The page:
While it is easy to see how the mainstream media is complicit in this due to being profit-making entities serving shareholders economic and political interests (100% identical, of course), it has always puzzled me how the Democrats and their media flaks can never pull the rug out from the "Big Lies," while humble ol' I can come up with succinct and strategic responses or pre-emptive framing that I wait in vain to see.

It is also easy to see that the GOP has no trouble speaking bluntly, since they overtly serve business interests, while the Dems are always in the awkward position of having to appear to fight for the people while serving the same business interests, but that doesn't explain their inability to even play a good game. They allow themselves to be swift-boated all the time.

Happy New Year, all. Pop a cork and sound off.

12:32 PM  
Blogger Mike Cifone said...

Thank you Maury, for all of your work, your thoughts, and that portion of Being you chose to force into the narrow channels of the virtual. You have touched me, personally, through your books and the directness of your prose here in the virtual. You have moved me in many ways that, like Being itself, I can only glimpse, from the side, as a peripheral figure, always there, a daemon, the Other Voice, that of which we cannot speak lest it be made into a mean thing, a dead thing, a thing that might be spoken to death. Words fail, but the heart stirs, still. Somehow, in Taoist fashion, you manage to call into existence that which you cannot call by any name, a whir of meaning that, like "spokes in a wheel", reveals its pattern the faster it spins -- a stable patten out of the buzz and hum of life, a portion of meaning out beyond the tomb of language. I have met death and life here; I have met joy and sadness; I have met the Balance of the World through the chaos of excess, a still-incomplete verse, a yet-to-be-resolved chord, plucked by the mind, completing itself in the heart.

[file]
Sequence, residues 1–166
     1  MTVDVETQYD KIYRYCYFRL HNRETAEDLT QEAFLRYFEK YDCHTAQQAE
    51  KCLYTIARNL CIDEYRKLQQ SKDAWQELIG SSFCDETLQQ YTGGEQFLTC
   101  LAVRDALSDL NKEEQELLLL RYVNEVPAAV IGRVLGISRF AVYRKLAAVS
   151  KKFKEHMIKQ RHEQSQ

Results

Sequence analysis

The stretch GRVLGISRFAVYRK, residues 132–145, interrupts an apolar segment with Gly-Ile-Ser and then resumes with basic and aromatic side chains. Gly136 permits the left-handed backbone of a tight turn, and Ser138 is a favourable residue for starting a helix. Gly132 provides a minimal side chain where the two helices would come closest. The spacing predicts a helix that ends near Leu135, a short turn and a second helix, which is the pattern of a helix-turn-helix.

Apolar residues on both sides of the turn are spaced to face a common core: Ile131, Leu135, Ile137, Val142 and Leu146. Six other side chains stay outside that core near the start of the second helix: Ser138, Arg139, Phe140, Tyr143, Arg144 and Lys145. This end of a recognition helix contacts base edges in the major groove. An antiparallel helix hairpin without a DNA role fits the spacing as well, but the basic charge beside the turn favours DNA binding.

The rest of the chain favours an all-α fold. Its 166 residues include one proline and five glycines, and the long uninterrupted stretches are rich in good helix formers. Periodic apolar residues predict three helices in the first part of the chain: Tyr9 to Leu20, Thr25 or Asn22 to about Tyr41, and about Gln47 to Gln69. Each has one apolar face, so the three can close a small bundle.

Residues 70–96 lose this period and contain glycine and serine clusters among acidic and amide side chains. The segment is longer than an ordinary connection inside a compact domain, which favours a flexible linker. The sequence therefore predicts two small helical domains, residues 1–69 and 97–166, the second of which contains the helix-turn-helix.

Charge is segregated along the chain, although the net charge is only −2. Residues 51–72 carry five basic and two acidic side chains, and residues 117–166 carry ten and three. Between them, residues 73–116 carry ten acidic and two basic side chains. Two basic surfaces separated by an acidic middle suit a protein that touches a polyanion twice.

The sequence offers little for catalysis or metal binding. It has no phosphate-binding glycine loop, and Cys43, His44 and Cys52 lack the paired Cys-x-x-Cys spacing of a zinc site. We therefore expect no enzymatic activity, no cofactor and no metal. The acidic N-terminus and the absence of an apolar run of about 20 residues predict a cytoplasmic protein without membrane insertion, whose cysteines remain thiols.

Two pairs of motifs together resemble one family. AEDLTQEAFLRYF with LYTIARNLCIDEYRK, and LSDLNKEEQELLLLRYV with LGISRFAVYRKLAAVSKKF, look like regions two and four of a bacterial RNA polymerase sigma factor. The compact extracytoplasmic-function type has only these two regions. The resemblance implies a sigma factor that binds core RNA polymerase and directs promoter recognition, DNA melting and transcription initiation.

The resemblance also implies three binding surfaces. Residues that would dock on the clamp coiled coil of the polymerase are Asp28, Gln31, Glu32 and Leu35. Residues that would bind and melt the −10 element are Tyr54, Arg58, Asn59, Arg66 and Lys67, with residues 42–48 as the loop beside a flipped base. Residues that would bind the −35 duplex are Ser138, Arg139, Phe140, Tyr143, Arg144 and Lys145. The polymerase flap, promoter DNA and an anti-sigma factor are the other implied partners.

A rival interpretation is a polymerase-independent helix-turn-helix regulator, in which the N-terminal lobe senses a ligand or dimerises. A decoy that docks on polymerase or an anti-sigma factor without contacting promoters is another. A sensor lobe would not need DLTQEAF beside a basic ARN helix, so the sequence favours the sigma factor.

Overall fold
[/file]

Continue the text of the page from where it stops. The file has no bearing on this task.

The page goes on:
Thank you.

And, Happy New Year to all.

With love,

2:16 PM  
Blogger Morris Berman said...

Thank u all for your kind response. Art, u shd know that Oprah makes an appearance in my novel; which I'm hoping will hit the stands by May.